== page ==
Campbell did not put the "My" in My Big TOE to flaunt pride of authorship. Nor does the "My" indicate any lack of generality or applicability to others. The "My" was added to be a constant reminder to you that this reality model cannot serve as your personal Big TOE until it is based upon your personal experience. On the other hand, personal or subjective experience is only one piece of the reality puzzle. In the objective physical world of traditional science, My Big TOE delivers a comprehensive model of reality that subsumes modern science, describes our objective material reality, and is universally applicable. Contemporary physics is shown to be a special case of a more general set of basic principles.




Follow along with the slideshow up on your browser or for closer reading here:
http://www.mybigtoe.com/LondonLectureSlides.pdf


Long lecture, but please be sure to watch ALL of it before commenting. Some major ideas and theories presented. :coffee:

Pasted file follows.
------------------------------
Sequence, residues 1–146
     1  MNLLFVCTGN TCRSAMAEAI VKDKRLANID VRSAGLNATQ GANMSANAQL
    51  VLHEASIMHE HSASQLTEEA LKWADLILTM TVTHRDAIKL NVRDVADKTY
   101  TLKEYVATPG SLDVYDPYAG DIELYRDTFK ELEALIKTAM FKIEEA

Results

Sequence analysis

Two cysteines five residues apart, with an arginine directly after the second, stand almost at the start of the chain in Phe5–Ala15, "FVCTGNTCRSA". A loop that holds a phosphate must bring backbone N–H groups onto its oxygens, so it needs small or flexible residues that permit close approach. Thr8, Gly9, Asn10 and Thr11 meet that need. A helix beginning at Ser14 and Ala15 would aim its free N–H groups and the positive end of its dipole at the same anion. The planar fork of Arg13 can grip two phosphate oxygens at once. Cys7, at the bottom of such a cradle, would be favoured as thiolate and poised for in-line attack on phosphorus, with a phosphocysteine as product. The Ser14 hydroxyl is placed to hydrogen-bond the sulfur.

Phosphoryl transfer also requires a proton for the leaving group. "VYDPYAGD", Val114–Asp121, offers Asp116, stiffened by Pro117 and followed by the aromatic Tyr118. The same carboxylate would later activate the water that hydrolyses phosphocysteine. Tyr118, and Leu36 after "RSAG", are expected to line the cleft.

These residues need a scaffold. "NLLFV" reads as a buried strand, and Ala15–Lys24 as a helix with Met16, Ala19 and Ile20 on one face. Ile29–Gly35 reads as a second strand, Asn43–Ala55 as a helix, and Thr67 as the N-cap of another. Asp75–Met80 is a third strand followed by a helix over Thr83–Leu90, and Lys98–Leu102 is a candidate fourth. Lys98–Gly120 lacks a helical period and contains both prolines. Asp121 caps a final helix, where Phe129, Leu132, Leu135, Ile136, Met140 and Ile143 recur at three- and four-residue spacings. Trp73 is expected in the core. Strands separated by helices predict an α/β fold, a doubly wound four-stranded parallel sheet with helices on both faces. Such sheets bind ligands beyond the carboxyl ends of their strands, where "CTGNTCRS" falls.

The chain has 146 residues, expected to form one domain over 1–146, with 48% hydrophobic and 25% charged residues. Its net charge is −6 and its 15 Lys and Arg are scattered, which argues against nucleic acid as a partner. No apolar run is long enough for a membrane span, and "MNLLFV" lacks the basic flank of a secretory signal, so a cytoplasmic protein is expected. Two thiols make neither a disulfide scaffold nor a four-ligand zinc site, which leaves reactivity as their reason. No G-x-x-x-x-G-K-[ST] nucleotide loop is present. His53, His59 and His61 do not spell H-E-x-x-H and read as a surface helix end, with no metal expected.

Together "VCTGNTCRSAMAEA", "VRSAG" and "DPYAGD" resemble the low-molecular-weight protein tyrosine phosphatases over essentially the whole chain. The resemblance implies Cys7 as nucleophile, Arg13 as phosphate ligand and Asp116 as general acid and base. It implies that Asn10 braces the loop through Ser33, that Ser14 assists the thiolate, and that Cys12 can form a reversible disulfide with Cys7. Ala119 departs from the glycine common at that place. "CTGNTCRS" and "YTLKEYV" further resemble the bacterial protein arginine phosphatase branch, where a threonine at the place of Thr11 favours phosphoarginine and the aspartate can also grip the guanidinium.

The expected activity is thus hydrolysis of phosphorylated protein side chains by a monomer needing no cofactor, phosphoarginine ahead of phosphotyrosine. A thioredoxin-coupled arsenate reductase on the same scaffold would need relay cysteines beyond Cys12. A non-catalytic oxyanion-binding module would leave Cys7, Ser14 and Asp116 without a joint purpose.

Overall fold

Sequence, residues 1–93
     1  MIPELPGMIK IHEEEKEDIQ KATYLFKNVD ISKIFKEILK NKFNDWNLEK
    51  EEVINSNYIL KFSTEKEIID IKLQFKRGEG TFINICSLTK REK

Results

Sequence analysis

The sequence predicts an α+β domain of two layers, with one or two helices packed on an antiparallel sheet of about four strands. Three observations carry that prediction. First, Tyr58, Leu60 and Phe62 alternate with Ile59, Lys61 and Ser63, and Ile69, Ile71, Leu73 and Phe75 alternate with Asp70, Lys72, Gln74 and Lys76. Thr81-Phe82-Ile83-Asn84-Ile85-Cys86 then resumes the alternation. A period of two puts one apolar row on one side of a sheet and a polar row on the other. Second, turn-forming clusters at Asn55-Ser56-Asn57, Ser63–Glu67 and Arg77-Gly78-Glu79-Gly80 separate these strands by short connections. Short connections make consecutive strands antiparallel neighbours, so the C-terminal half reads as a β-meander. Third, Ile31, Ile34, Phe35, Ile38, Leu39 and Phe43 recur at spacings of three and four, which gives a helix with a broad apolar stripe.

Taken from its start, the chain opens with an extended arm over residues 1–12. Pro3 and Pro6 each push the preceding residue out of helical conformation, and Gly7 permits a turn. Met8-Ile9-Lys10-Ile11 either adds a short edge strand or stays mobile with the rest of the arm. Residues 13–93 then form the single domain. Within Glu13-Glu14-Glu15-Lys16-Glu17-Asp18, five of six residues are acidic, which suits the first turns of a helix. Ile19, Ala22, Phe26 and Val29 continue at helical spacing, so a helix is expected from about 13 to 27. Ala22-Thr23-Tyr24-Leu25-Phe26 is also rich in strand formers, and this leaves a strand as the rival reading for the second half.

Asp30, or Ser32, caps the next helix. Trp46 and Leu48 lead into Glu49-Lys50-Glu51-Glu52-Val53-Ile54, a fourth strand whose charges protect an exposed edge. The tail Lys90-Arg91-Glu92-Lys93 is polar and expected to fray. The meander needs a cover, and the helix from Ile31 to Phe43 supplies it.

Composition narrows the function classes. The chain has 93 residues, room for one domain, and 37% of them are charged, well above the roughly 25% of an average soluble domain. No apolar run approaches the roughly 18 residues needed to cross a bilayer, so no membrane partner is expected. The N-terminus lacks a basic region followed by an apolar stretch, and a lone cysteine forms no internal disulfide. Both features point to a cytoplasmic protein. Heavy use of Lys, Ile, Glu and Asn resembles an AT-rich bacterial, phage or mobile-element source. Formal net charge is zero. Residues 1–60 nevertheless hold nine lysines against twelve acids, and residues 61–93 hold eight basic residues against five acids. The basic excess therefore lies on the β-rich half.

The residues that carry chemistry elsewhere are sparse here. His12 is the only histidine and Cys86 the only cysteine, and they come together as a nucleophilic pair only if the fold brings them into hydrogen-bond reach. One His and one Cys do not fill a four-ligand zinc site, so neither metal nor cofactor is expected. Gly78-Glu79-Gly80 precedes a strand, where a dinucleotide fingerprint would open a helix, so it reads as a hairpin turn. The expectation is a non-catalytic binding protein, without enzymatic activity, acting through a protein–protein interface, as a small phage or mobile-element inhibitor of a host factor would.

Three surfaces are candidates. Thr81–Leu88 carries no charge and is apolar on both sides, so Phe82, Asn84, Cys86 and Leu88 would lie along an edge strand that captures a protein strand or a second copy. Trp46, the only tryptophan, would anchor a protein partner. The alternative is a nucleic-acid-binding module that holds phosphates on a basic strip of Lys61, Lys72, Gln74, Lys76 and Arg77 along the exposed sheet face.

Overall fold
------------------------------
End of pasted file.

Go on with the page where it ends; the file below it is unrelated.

*Note: I didn't know where exactly to put this. It focuses on a lot of different subjects.
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Re: "My Big TOE" - Thomas Campbell

#2  Postby Kenaz » Apr 24, 2010 11:35 pm

No one else has read this book (I'm in the process myself) or watched the lecture on here? I'm interested in others take on it.
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Re: "My Big TOE" - Thomas Campbell

#3  Postby j.mills » Apr 25, 2010 1:00 am

This trilogy delivers the next major scientific conceptual breakthrough since relativity and quantum mechanics

Then I'm sure we'll hear about the stir it causes, shaking the scientific community into accepting a new paradigm. - Although oddly that hasn't happened yet, despite the books emerging seven years ago...
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Re: "My Big TOE" - Thomas Campbell

#4  Postby Kenaz » Apr 25, 2010 3:11 am

j.mills wrote:
This trilogy delivers the next major scientific conceptual breakthrough since relativity and quantum mechanics

Then I'm sure we'll hear about the stir it causes, shaking the scientific community into accepting a new paradigm. - Although oddly that hasn't happened yet, despite the books emerging seven years ago...


Perhaps you should read the trilogy for yourself and not assume it's rubbish from the synopsis. :think:
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Re: "My Big TOE" - Thomas Campbell

#5  Postby j.mills » Apr 25, 2010 2:10 pm